Benton hated the waiting game almost as much as he
hated the what-if game. At the moment, he was being
forced to play both.
He had sat as long as he could, then paced as long as it took him to realize that pacing wasn't helping. He couldn't think. Or he was thinking too much. It was hard to determine which was the case - the thoughts were jumbled, broken, unfinished and uncertain. There were too many ways this bad situation could get much, much worse and every time Benton tried to think rationally, his mind veered off on a tangent of possibilities. Interspersed with the multitude of 'what-if's were visions of what had happened. Flashes of the blood-splashed traincar would sporadically fall over his eyes: the baby's vacant, dead gaze, the mother tugging on his shirtsleeve, Carter lying in the narrow aisle, pale and unmoving. And Benton had done nothing, had been unable to do anything. Triage was not even a memory; all Benton could remember was everything he had not done.
And there was nothing he could do now. Sit, wait, hope: three things he had never been much good at. He needed to do something; he needed to act in some way.
He ended up in the scrub room, watching the surgery through the windows. He knew the moment he stepped foot into the OR, someone would usher him firmly out again. He couldn't help Carter.
Maybe he could help himself.
"Sorry it took me so long to get here," Kerry spoke over her shoulder as she hung her coat in the locker. "Traffic was unbelievable. It took me ten minutes to move half a block. Completely insane. Was there an accident round the corner or something?"
Mark had paused when she came in; now he put down his file and looked at her carefully. "Haven't you seen the news?"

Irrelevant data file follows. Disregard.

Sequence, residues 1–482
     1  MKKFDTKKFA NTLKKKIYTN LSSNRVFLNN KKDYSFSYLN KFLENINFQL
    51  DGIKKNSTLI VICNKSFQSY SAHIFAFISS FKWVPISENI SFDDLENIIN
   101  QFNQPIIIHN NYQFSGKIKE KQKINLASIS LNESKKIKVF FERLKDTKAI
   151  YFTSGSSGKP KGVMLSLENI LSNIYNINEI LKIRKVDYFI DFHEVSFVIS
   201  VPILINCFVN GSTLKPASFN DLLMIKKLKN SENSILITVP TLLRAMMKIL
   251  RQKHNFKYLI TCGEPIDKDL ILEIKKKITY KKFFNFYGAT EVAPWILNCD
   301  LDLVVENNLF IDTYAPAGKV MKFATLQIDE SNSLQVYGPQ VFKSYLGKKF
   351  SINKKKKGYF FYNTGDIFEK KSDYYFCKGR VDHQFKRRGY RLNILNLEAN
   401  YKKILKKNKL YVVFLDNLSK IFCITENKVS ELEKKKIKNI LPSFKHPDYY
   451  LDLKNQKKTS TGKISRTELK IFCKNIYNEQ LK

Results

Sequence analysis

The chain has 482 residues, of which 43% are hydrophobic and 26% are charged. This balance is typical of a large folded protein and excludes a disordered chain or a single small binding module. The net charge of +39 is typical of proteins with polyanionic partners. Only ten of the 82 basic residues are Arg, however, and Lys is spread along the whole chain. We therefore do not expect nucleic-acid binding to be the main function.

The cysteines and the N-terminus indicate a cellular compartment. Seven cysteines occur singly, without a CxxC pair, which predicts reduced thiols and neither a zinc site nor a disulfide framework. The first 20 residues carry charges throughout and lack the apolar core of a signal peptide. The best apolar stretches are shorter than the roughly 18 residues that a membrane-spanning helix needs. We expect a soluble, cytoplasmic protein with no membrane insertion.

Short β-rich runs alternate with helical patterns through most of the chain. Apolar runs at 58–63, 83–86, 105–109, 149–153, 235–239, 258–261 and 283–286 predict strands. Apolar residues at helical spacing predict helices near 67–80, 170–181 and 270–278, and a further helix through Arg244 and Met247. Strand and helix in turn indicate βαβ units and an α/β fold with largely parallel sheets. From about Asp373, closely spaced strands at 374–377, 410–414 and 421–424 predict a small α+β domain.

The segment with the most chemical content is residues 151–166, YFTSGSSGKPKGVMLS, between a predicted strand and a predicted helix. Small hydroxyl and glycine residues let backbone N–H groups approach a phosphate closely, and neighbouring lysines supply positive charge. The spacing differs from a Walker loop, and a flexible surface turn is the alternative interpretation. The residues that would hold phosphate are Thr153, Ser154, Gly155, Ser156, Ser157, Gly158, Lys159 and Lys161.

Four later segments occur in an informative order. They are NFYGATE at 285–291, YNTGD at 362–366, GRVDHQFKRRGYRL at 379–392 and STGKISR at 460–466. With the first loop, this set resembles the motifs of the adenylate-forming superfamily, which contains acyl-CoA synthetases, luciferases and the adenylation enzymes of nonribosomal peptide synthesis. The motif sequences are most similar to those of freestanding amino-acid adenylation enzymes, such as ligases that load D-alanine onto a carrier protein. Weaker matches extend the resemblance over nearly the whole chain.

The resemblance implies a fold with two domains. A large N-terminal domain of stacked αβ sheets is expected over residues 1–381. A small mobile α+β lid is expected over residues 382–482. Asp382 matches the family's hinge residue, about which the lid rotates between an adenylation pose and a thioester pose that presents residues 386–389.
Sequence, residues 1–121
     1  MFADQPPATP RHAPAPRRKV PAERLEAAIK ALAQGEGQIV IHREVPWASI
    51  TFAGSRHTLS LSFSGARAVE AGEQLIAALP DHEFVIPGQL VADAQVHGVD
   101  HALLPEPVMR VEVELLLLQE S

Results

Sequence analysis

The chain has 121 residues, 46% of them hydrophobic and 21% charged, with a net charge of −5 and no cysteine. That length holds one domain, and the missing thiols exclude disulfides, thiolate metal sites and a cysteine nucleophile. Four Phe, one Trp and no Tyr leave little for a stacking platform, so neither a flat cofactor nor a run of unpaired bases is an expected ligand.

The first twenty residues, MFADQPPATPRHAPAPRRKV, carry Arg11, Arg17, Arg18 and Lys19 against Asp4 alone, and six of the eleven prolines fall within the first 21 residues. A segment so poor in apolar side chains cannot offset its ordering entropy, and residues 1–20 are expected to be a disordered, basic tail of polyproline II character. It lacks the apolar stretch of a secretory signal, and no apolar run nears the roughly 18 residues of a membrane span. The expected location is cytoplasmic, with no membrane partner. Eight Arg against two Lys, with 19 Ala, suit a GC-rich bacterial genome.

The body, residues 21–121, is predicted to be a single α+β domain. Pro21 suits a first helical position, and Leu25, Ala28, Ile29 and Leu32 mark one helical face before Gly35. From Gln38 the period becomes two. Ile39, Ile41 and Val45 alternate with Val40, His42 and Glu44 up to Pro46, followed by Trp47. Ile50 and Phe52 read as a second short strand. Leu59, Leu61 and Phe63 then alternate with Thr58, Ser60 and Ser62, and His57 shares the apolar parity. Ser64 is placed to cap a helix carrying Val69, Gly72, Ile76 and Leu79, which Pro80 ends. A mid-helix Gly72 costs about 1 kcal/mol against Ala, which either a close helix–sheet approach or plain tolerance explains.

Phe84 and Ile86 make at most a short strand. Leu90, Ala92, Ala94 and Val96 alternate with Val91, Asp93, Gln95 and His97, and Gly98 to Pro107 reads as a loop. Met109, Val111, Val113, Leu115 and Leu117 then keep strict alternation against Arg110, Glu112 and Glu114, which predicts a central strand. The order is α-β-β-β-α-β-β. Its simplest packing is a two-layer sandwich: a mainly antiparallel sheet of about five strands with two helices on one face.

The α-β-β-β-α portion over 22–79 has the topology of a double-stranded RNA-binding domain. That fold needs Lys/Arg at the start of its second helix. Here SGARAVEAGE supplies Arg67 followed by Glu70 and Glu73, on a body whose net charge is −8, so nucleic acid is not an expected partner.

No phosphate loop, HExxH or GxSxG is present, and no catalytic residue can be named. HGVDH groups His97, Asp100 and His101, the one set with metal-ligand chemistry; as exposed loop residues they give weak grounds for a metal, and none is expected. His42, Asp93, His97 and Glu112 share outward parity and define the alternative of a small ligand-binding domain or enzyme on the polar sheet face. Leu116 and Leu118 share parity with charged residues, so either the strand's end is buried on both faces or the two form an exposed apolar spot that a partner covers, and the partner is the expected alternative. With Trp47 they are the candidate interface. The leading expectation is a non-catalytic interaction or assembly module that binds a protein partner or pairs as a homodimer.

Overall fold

Kerry shook her head, her expression clouding with suspicion. "No. Why?"
"You didn't even listen to the radio?" Mark pressed incredulously, amazed that she had somehow remained unaware of the incident.
"No, I - Mark, what's going on?"
"Look, Kerry, I think you'd better - " he stopped suddenly, eyes narrowing as he caught sight of something through the door window. "Damn." He pointed a finger at her with an unintentionally curt "wait", then rushed into the corridor.
He caught Benton's arm just as the surgeon leant against the door to trauma two, pulling him back a few paces. "Peter, what do you think you're doing?"
"I want to talk to him." He sounded almost reasonable.
"That's not a good idea," Mark understated.
"Why? What do you think I'm going to do? Think I'm going to try to kill him?" demanded Benton, shrugging off Mark's grip.
"Well, what would you do? If you went in there, what would you do? Try to help? Try to inflict more pain? Try to beat him up? What?" Mark looked at Benton helplessly. "What do you want from him?"
"I don't know." There was a long moment of silence. Benton stared in through the windows, not really seeing anything. The gunman was completely obscured from view by the numerous policemen; he couldn't locate Cleo past the crowd either. "An explanation, I guess. I want to know what he thought was worth it."
"You want this to make sense?" Mark asked, his voice gentle. "Because I can tell you right now, that man, in there, he can't help you. Talking to him is just going to piss you off."
"I'm already pissed off," Benton said with more weariness than anger. But he made no move to open the door.
Mark hid his surprise at the surgeon's defeated demeanor; he expected a lot more ranting and raving from Benton. The surprise turned into worry. "How's Carter doing?"